"<meta charset=\"UTF-8\" />" +
	"<title>HTML Rendered by Servlet</title>" +
	"</head>" +
	"<body>" +
	"<h1>HTML Rendered by Servlet</h1></br>" +
	"<p>This page was rendered by the ExampleOne Servlet!</p>" +
	"</body>" +

What we’re doing here is injecting our markup through our servlet request handling directly. Instead of a JSP tag, we generate our HTML, along with any and all Java-specific data to be inserted, purely server-side without a static JSP!


Earlier, we reviewed the out object which is a feature of JspWriter.


Above, I used the PrintWriter object instead which writes directly to the response object.


JspWriter actually buffers the string to be written into memory which is then written to the response objects after the in-memory buffer is flushed.


PrintWriter is already attached to the response object. I’ve preferred to write directly to the response object in the examples above and below for those reasons.


3.2. Java in a JSP Static Content


Here we create a JSP file named ExampleTwo.jsp with a JSP tag. As seen above, this allows Java to be added directly into our markup. Here, we randomly print an element of a String[]:


<%@ page contentType="text/html;charset=UTF-8" language="java" %>
<!DOCTYPE html>
        <title>Java in Static Page Example</title>
        <h1>Java in Static Page Example</h1>
              String[] arr = {"What's up?", "Hello", "It's a nice day today!"}; 
	      String greetings = arr[(int)(Math.random() * arr.length)];	
        <p><%= greetings %></p>

Above, you’ll see that variable declaration within JSP tags objects: type variableName and an initialization just like regular Java.

上面,你会看到JSP标签内的变量声明对象。type variableNameinitialization就像普通Java一样。

I’ve included the above example to demonstrate how to add Java to a static page without making recourse to a specific servlet. Here, Java is simply added to a page and the JSP lifecycle takes care of the rest.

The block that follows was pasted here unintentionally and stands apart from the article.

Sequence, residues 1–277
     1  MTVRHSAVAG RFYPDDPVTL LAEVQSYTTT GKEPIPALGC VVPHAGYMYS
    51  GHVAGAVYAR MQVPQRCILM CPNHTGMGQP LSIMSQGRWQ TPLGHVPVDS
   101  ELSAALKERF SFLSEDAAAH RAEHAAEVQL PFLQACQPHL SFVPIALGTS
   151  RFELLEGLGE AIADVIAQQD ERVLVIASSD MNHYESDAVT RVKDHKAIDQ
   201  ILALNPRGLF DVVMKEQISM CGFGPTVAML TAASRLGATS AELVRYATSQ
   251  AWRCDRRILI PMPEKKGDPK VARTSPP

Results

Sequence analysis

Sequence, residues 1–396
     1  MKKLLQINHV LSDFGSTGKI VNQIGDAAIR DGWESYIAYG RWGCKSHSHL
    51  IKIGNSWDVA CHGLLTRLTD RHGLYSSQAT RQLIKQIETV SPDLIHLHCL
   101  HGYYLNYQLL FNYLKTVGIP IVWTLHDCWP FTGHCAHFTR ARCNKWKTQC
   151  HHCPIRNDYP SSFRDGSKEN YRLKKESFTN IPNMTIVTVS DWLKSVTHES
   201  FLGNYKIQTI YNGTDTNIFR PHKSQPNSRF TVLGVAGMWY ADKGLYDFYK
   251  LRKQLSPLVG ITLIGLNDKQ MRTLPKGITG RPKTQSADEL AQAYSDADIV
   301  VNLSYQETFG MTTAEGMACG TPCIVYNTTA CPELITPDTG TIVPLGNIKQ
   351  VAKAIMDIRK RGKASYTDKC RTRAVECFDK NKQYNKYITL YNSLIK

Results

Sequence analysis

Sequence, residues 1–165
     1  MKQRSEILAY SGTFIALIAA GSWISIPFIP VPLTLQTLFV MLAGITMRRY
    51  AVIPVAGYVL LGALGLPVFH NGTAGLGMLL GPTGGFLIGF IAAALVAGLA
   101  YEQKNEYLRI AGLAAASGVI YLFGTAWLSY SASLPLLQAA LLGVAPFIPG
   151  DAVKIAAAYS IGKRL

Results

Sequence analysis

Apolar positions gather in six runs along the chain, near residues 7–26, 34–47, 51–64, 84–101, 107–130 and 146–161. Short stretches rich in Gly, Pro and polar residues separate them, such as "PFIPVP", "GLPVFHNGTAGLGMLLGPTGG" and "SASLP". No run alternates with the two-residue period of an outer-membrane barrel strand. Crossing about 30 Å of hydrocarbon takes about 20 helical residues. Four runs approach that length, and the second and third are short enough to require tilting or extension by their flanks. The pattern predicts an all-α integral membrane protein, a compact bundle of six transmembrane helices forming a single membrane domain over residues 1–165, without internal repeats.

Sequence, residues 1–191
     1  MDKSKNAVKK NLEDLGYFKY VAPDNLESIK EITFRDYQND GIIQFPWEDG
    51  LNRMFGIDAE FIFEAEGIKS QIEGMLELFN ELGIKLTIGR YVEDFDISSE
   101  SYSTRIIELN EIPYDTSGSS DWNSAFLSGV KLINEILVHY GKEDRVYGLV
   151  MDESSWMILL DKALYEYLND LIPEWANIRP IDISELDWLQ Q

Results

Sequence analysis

3.3. JSP With Forwarding


Now, for our final and most involved example! Here, we’re going to use the @WebServlet annotation on ExampleThree which eliminates the need for servlet mappings in server.xml.


  name = "ExampleThree",
  description = "JSP Servlet With Annotations",
  urlPatterns = {"/ExampleThree"}
public class ExampleThree extends HttpServlet {
  protected void doGet(HttpServletRequest request, HttpServletResponse response) 
    throws ServletException, IOException {
      String message = request.getParameter("message");
      request.setAttribute("text", message);
      request.getRequestDispatcher("/ExampleThree.jsp").forward(request, response);

ExampleThree takes a URL parameter passed in as message, binds that parameter to the request object, and then redirects that request object to ExampleThree.jsp.


Thus, we’ve not only accomplished a truly dynamic web experience but we’ve also done so within an application containing multiple .jsp files.


getRequestDispatcher().forward() is a simple way to ensure that the correct .jsp page is rendered.


All the data bound to the request object sent its (the .jsp file’s) way will then be displayed! Here’s how we handle that last part:


<%@ page contentType="text/html;charset=UTF-8" language="java" %>
<!DOCTYPE html>
        <title>Java Binding Example</title>
        <h1>Bound Value</h1>
	    <p>You said: ${text}</p>

Note the JSP tag added to the top of ExampleThree.jsp. You’ll notice that I switched the JSP tags here. I’m using Expression Language (which I mentioned before) to render our set parameter (which is bound as ${text})!


3.4. Try It Out!


Now, we’ll export our application into a .war to be launched and hosted in Tomcat 8! Find your server.xml and we’ll update our Context to:

现在,我们将把我们的应用程序导出为一个.war,以便在Tomcat 8中启动和托管找到你的server.xml,我们将更新我们的Context到。

<Context path="/spring-mvc-xml" docBase="${catalina.home}/webapps/spring-mvc-xml">

Which will allow us to access our servlets and JSP’s on localhost:8080/spring-mvc-xml/jsp/index.jsp! Pick up a working copy over at: GitHub. Congrats!


4. Conclusion


We’ve covered quite a bit of ground! We’ve learned about what JavaServer Pages are, what they were introduced to accomplish, their lifecycle, how to create them, and finally a few different ways to implement them!


This concludes the introduction to JSP! Be well and code on!